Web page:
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Choosing a Writing Contest
by Tammy Mackenzie

Return to Tips to Winning Writing Contests · Print/Mobile-Friendly Version

Placing well in a writing contest can be a huge boost for your career. Like a published clip, a contest win tells editors that you are a professional who puts out high-quality work. Unfortunately, winning a contest with a bad reputation or submitting to a contest that is nothing more than a clever scam can do more harm than good.

Choose your contests carefully. Deadlines, contact information, prizes and guidelines change daily -- and many contests cease to exist after one or two runs. If you buy a book that lists contests, make sure that the information is no more than one year old. If you're looking through online lists and classified ads, make sure that the links are no more than two months old. Take the time to follow links to web sites, or telephone the contest coordinator listed in a book. Contest web sites should have current deadlines, and a telephone call should yield an informed response to your questions.

Once you've chosen a few likely contests, you need to examine their reputation and legitimacy. Whether you're surfing a web site or calling the contest coordinator, there are a few questions you should get answers to before sending in your work.

1. Who are the judges? Judges should, at the very least, be professionals in writing or publishing. A professional -- especially a well-known professional -- is not likely to risk his or her reputation on an illegitimate contest. Moreover, respected judges add weight to your potential win.

2. How high is the entry fee? Most contests rely on the sale of anthologies to pay for expenses, but some subsidize their prize with an entry fee. For works of under 10,000 words, the entry fee shouldn't be higher than US $10. Exceptions might be if the judge is especially popular -- for instance, a high entry fee for a horror fiction contest judged by Stephen King would be more acceptable than for one judged by John Doe -- or if the prize is a very large cash purse. Even the smallest contests pull in 20 to 50 entries. If, at 50 entries, they would be earning ten times the prize they're paying out, send your work elsewhere.

3. What is the prize? Prizes vary greatly from contest to contest. A contest that offers only publication is suspect. A small contest offering publication on the web site will not be much of a credit, and there's a good chance that the coordinators are getting money from advertising revenue. A contest that offers publication in an anthology but doesn't give contributor copies or royalties is also suspect. They collect all the revenue from the publication of the anthology, and they expect to collect a lot of that revenue from "winners" who want copies of their work. Cash prizes should be proportionate to entry fees, and payable within a reasonable amount of time. Under no circumstances should it be the winner's responsibility to collect the purse in person, or pay to receive it.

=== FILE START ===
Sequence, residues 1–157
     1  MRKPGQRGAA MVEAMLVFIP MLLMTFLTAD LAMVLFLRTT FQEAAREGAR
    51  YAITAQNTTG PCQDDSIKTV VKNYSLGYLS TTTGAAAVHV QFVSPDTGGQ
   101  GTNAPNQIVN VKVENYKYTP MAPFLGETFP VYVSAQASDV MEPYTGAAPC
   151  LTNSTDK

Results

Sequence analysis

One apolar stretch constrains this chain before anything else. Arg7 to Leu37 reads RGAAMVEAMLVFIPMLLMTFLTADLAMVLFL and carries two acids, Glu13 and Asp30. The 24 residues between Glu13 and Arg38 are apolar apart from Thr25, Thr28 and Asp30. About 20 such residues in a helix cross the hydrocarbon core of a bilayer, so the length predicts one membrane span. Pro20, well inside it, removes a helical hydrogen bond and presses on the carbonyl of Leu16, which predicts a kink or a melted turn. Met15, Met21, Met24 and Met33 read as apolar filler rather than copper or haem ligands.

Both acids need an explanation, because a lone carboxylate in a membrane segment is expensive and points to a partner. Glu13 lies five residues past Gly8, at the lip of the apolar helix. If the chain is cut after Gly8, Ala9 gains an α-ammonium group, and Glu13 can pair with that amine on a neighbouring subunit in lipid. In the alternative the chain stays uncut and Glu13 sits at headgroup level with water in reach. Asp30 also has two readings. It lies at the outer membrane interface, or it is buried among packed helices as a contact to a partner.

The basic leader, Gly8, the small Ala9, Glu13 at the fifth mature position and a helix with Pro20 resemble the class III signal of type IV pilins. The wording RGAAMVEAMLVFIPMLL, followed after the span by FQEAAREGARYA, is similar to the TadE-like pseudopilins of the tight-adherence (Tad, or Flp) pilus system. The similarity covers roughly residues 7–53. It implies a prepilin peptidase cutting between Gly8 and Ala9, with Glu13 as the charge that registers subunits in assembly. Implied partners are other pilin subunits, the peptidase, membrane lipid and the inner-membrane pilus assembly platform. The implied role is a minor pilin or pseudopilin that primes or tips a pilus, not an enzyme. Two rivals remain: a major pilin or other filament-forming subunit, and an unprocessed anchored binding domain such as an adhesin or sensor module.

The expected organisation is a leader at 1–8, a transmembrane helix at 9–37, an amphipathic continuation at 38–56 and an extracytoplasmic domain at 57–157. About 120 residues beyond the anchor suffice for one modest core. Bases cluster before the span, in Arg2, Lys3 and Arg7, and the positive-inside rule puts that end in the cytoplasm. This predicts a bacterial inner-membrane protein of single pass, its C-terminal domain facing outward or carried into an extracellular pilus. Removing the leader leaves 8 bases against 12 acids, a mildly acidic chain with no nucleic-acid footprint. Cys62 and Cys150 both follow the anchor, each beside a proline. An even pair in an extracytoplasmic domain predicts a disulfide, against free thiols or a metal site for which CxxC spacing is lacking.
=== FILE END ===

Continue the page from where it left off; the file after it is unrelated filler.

4. What rights are requested?bYou should never lose rights to your material simply by submitting it to a contest. If your work doesn't win, you should still retain all rights to it. If it does win, you may be asked to license certain rights to the contest organization -- such as the right to publish the work in an anthology or on a web site -- but you should not lose all rights. If a contest asks you to forfeit the rights to your work if you win -- and especially if it claims any rights to submissions, whether they win or not -- stay away!

5. Who are the past winners? Unless the contest is on its first run, you should have access to a list of past winners. If it's feasible, try to contact the past winners and ask them about their experiences. If you can't contact them, ask the contest coordinator for references such as professional writers or publishers, or writers groups that the contest has dealt with in the past.

Entering and winning a writing contest can be a very gratifying experience. When you submit, pay close attention to deadlines and submission guidelines and edit your work carefully. As in all writing, be patient. You may not win the first contest you enter -- you may not win the tenth -- but that win will come with persistence. Many contests offer critiques as an entry prize, and you should take heed of the advice offered. Keep submitting, and when you do win you'll get compensation for your work and a valuable credit -- not to mention the satisfaction of being declared the best.

Find Out More...

A Beginner's Guide to Writing Competitions - Dawn Copeman

Contesting: Why and How - Kathryn Lay

Through Judge-Coloured Spectacles: How to Win a Writing Contest - Sue Emms

Step Into the Winner's Circle! - Moira Allen

Writing to Win - Moira Allen

Writing to Win: The Colossal Guide to Writing Contests, by Moira Allen

Helpful Sites:

Writer Beware
SFWA's page for illegitimate contests and vanity anthologies

Copyright © 2001 Tammy Mackenzie
This article originally appeared in Inklings.
This article may not be reprinted without the author's written permission.

Tammy Mackenzie lives in Montreal, Canada. She writes fiction and nonfiction in her spare time. During work hours, she edits anthologies and coordinates writing contests for Salivan Writing Works. She also edits SageBase.com, a nonfiction article database, teaches creative writing and manages a manuscript editing co-op.


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